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Singapore investment firm Temasek Holdings has sold its stake in Barclays bank at a loss of 500-600 million pounds (815.38-978.45 million US), a report said Thursday.
Unnamed officials were quoted by the Straits Times as saying that Temasek had disposed of the shares, estimated at two percent, between December and January. However, the state-linked firm declined to comment.
“It is inappropriate for us to comment on unsourced reports,” a Temasek spokesman said in a statement to AFP.
The reported sale followed a statement Tuesday by an Abu Dhabi state-owned firm that it sold a chunk of its holding in the British lender for a sizeable profit.
International Petroleum Investment Company (IPIC) sold its shares for a total of 3.5 billion pounds, according to Credit Suisse Securities, handing it a gain of 1.5 billion pounds in just seven months.
IPIC had in a statement said it was selling 1.3 billion shares or 13.5 percent of Barclays. The sale leaves IPIC with 5.0 percent of the bank’s stock.
Temasek sold its stake in the bank at a time many thought it would be brought under British government control as the credit crisis bit and its share price fell. However, Barclays has since recovered.
Temasek and the Government of Singapore Investment Corp, the city-state’s other state investment vehicle, poured billions into Western banks but have seen their holdings’ value dive as they were hit by the global economic crisis.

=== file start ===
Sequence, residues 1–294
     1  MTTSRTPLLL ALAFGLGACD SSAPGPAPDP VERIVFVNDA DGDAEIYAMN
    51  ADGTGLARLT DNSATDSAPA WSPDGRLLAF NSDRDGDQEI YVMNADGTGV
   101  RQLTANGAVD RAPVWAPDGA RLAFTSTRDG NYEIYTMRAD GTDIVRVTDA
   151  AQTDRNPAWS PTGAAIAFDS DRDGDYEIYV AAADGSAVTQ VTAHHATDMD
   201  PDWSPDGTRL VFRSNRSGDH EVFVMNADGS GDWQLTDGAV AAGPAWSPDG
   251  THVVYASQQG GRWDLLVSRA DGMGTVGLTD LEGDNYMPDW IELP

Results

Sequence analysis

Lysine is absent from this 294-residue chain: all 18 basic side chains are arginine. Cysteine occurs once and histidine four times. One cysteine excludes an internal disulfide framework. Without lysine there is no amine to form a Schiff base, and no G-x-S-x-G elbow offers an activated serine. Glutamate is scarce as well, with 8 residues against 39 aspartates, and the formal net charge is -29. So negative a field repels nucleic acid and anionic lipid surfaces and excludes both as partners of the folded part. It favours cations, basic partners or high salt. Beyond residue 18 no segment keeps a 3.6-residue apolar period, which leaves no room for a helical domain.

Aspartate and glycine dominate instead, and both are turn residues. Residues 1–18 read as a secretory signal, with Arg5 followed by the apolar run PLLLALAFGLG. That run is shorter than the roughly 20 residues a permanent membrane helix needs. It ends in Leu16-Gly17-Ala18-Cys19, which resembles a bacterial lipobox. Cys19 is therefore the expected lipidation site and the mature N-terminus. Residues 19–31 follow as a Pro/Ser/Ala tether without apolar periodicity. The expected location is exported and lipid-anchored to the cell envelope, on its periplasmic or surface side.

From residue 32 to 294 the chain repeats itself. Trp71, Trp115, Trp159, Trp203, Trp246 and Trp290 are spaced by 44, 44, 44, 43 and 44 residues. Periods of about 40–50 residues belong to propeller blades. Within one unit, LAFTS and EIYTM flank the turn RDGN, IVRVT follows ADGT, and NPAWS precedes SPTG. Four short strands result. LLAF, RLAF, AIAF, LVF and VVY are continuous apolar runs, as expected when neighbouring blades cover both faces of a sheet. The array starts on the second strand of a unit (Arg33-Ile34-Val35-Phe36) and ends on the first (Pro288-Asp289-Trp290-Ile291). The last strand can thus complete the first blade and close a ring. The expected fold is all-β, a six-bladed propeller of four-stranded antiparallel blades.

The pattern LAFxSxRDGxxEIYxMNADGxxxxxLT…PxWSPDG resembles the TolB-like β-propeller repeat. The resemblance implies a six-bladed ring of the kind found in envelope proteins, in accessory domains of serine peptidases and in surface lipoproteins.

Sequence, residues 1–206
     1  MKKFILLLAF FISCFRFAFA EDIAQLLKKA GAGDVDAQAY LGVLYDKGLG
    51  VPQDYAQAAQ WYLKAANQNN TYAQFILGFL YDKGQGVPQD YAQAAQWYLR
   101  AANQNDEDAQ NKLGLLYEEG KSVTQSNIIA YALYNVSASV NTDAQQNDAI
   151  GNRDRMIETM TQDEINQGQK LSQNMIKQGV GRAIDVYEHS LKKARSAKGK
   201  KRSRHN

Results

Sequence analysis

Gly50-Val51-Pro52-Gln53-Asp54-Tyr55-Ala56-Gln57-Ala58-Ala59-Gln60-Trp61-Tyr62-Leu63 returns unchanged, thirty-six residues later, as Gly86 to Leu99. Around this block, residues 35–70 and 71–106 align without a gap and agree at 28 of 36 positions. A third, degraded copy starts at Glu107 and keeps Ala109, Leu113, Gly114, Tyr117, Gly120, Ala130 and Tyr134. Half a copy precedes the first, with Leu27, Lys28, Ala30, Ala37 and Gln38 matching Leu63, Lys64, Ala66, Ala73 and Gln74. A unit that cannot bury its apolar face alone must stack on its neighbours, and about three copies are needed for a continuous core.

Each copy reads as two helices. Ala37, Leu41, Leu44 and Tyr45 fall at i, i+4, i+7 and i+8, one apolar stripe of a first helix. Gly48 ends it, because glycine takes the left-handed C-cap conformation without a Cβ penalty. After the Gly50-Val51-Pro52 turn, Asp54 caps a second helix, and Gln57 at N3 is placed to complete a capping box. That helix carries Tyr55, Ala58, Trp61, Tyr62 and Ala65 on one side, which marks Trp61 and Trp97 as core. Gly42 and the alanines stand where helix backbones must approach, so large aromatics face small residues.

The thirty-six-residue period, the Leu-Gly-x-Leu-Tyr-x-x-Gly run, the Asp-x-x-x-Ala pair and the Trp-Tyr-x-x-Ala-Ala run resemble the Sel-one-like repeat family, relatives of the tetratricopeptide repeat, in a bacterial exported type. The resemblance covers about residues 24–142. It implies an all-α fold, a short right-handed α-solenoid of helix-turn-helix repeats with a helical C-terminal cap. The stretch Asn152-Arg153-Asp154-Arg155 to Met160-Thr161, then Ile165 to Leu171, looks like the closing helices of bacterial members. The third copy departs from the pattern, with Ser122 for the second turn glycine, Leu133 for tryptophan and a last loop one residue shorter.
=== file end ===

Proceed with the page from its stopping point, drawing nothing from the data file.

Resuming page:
Last month, Temasek announced it had sold its stake in Bank of America without giving any details, although industry analysts calculated it lost about 4.6 billion US dollars in the transaction.
Temasek’s chief executive Ho Ching said last month that it would reduce its exposure to Western nations and increase its focus in Asia and other emerging markets such as Latin America and Russia.
“As Asia continues to develop, it continues to de-risk. We are increasingly more confident on Asia’s future,” Ho said.
Finance minister Tharman Shanmugaratnam defended Temasek’s track record, saying it made a net gain of 39 billion US dollars over five years from 2003.
He also said Temasek as an investor should not be based on any individual transaction but on how it performed over the years.
“Temasek is a long-term investor… but being a long-term investor does not mean being locked into every individual investment, regardless of major changes in the environment or a new investment proposition,” he told parliament recently.